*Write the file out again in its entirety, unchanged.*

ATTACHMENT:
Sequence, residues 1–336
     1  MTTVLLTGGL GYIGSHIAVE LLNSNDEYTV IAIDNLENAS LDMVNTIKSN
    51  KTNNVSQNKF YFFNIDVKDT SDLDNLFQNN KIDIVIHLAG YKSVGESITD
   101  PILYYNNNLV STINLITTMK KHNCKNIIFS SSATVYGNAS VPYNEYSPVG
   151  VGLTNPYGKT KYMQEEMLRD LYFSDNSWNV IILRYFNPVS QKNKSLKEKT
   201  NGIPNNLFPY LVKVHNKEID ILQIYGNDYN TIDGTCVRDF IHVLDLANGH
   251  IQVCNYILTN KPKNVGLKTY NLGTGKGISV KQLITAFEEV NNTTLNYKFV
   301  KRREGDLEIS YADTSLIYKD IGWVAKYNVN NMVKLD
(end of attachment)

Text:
Sequence, residues 1–336
     1  MTTVLLTGGL GYIGSHIAVE LLNSNDEYTV IAIDNLENAS LDMVNTIKSN
    51  KTNNVSQNKF YFFNIDVKDT SDLDNLFQNN KIDIVIHLAG YKSVGESITD
   101  PILYYNNNLV STINLITTMK KHNCKNIIFS SSATVYGNAS VPYNEYSPVG
   151  VGLTNPYGKT KYMQEEMLRD LYFSDNSWNV IILRYFNPVS QKNKSLKEKT
   201  NGIPNNLFPY LVKVHNKEID ILQIYGNDYN TIDGTCVRDF IHVLDLANGH
   251  IQVCNYILTN KPKNVGLKTY NLGTGKGISV KQLITAFEEV NNTTLNYKFV
   301  KRREGDLEIS YADTSLIYKD IGWVAKYNVN NMVKLD